Training at fast speeds resulted in greater strength gains than training at slow speeds. However, the effect of speed on strength was smaller than the effect of number of sets (11% greater strength increase if training fast rather than slow compared with a 23% greater strength increase if training with three sets instead of one). The effect of training speed is consistent with observations made by Paddon-Jones et al. (23) and Farthing and Chilibeck et al. (9), who showed that eccentric training at faster contraction velocities (180°·s−1) produced greater increases in strength than training at slow velocities (30°·s−1). The mechanisms by which speed of training influences strength adaptations was not investigated in this study, but some authors have speculated that mechanisms could include change in muscle fiber type (16,23) or increased ability to selectively recruit fast-twitch motor units (6). The latter mechanism is unlikely because recruitment order of motor units appears to remain unchanged with fast compared with slow contractions (8). Training with fast speeds leads to higher discharge rates of single motor units and more frequent occurrence of brief interspike intervals (doublet discharges) (33); these phenomena might underlie the greater training response.
Training resulted in a small but significant increase in upper arm circumference. This increase is most likely due to a change in gross muscle size of biceps brachii and brachialis. It is unlikely that other structures (such as bone or subcutaneous tissue) underlying the site of measurement would have undergone adaptive changes that would be reflected by an increase in arm circumference. Previous research on recreational weight lifters has also found increased biceps circumferences following 13 wk of training but only in subjects training with three sets (13). In the current study, there was no evidence that one type of training (i.e., one set or three sets, fast or slow) was superior for increasing arm circumference in the early phase of training.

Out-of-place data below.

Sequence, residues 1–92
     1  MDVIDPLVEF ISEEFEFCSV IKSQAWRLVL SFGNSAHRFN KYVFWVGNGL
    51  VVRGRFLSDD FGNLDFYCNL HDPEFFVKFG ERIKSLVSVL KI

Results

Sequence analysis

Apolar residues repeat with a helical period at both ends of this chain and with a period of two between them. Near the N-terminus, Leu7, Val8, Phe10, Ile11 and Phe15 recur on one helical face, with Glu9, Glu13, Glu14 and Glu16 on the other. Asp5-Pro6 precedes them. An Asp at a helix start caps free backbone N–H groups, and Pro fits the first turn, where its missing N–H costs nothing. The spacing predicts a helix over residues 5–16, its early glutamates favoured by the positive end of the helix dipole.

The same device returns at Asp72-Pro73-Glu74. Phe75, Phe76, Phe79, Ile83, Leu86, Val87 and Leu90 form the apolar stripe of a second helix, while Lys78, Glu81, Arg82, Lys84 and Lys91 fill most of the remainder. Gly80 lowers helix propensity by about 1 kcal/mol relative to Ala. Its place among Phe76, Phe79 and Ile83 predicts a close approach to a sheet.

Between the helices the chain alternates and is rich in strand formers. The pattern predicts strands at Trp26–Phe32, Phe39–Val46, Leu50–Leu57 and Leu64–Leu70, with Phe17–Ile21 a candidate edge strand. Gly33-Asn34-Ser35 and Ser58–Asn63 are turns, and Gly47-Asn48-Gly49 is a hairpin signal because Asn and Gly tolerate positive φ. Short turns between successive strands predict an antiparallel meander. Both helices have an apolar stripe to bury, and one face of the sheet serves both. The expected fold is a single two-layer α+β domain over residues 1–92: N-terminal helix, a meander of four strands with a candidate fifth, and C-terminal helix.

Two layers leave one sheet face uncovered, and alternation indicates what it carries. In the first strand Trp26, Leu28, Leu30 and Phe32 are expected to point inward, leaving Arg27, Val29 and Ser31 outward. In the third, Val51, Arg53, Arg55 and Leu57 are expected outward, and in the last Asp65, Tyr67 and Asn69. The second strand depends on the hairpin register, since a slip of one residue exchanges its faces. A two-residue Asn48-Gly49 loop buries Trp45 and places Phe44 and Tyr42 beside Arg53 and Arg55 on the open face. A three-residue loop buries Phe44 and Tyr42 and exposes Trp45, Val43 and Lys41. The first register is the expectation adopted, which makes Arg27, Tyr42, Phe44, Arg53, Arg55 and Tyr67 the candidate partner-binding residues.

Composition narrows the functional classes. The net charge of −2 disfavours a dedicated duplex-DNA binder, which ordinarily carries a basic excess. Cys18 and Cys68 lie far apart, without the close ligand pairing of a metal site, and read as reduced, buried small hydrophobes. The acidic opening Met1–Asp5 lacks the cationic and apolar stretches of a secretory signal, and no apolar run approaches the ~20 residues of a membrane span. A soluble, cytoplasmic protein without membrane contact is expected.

Resistance training for 6 wk with either one or three sets had no effect on skinfold thickness. Several studies have shown reduced skinfold thickness after resistance training, but these studies used exercises incorporating several muscle groups (13). The effect of training on skinfold thickness is likely to be related to the total caloric expenditure of the exercise program and not the individual resistance exercise at the target site. In the present study, only one exercise was performed that may be why no change in skinfold thickness was detected.
In conclusion, a one-set strength training program for elbow flexor strength at a slow training speed (average speed ≈ 50°·s−1) performed 3× wk−1 for 6 wk will increase strength of untrained subjects by about 25%, and this effect is doubled if three sets are performed. Training with fast repetitions (average speed ≈ 140°·s−1) results in an 11% greater strength increases than training with slow repetitions. There is no additional benefit of performing fast contractions if training with three sets. It is recommended that three-set programs be used in preference to single-set programs if the aim is to maximize strength gains. If one-set programs are adopted, fast rather than slow repetitions will produce larger gains in strength. These findings may have implications for clinical populations where strength training forms part of rehabilitation or health promotion intervention.